Journal of Cancer Research and Clinical Oncology

, Volume 145, Issue 1, pp 97–107 | Cite as

Combination of gold nanoparticles with low-LET irradiation: an approach to enhance DNA DSB induction in HT29 colorectal cancer stem-like cells

  • Mahdi Abbasian
  • Azam Baharlouei
  • Zahra Arab-BafraniEmail author
  • David A. Lightfoot
Original Article – Cancer Research



High-linear energy transfer (high LET) irradiation has significant cytotoxic effects on different cancerous stem-like cells (CSLCs) such as colorectal CSLCs. A review of the literature has indicated that the presence of gold nanoparticles (GNPs) enables low-LET irradiation to produce highly non-homogeneous dose distributions like high-LET irradiation. The purpose of this study was to evaluate the radioresponsiveness of HT29 colorectal CSLCs under low-LET irradiation (X-ray) and in the presence of GNPs.


Radioresponsiveness was evaluated using the ϒ-H2AX foci formation assay, the clonogenic assay, the cell cycle progression assay and analyses of radiobiological parameters.


In the presence of GNPs, the survival fraction of HT29 CSLCs was significantly reduced and caused significant changes in the radiobiological parameters after irradiation. In addition, ϒ-H2AX assay showed that in the presence of GNPs, the persistent DNA double-strand breaks were significantly increased in irradiated HT29 CSLCs. The relative biological effectiveness value of GNPs with X-rays was about 1.6 for HT-29 CSLCs at the 10% of cell survival fraction (D10 level) when compared to X-rays alone.


Therefore, the combination of GNPs with X-ray irradiation has the potential to kill HT29 CSLCs greater than the X-ray alone, and may be considered as an alternative for high-LET irradiation.


Cancer stem-like cell Gold nanoparticle DNA DSBs RBE value 



The authors are highly thankful to all technicians who provided support during the course of research. The part of this work was supported by Stem Cell Research Center, Golestan University of Medical Science (Grant no: 950818185).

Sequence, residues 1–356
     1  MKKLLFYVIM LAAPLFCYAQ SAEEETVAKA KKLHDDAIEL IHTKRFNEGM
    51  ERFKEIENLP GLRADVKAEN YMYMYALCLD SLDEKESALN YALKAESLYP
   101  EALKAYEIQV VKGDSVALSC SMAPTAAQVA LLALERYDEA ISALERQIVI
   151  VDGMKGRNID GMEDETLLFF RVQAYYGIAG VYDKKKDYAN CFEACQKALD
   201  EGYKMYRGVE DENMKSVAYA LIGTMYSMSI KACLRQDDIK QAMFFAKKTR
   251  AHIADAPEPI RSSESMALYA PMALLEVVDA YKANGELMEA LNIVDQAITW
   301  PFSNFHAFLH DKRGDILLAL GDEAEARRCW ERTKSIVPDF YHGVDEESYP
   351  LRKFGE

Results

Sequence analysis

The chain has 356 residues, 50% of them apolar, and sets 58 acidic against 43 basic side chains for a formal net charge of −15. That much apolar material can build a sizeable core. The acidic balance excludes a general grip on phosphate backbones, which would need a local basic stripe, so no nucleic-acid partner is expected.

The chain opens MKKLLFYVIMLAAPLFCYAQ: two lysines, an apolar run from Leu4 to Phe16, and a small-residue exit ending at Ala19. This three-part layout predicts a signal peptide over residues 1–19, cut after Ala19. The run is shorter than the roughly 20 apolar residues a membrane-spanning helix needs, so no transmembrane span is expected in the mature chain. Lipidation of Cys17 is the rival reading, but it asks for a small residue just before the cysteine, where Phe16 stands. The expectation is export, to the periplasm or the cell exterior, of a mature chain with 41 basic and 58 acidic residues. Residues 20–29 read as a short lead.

Author contributions

ABZ and AM designed the research. ABZ, AM and BA performed the experiments. ABZ, AM, and LDA contributed to analysis and interpretation of data. AM and ABZ wrote the manuscript. All authors reviewed the manuscript.

Compliance with ethical standards

Conflict of interest

The author(s) declare no competing interests.

Ethical approval

This article does not contain any studies with human participants or animals performed by any of the authors.


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Copyright information

© Springer-Verlag GmbH Germany, part of Springer Nature 2018

Authors and Affiliations

  1. 1.Stem Cell Research CenterGolestan University of Medical ScienceGorgānIran
  2. 2.Department of Biotechnology, College of AgricultureIsfahan University of TechnologyIsfahanIran
  3. 3.Department of MicrobiologySouthern Illinois University at CarbondaleCarbondaleUSA
  4. 4.Department of Biochemistry and Biophysics, Faculty of MedicineGolestan University of Medical SciencesGorgānIran
  5. 5.Department of Plant, Soil and Agricultural Systems, Plant Biotechnology and Genome Core-FacilitySouthern Illinois University at CarbondaleCarbondaleUSA
  6. 6.Metabolic Disorders Research CenterGolestan University of Medical SciencesGorgānIran

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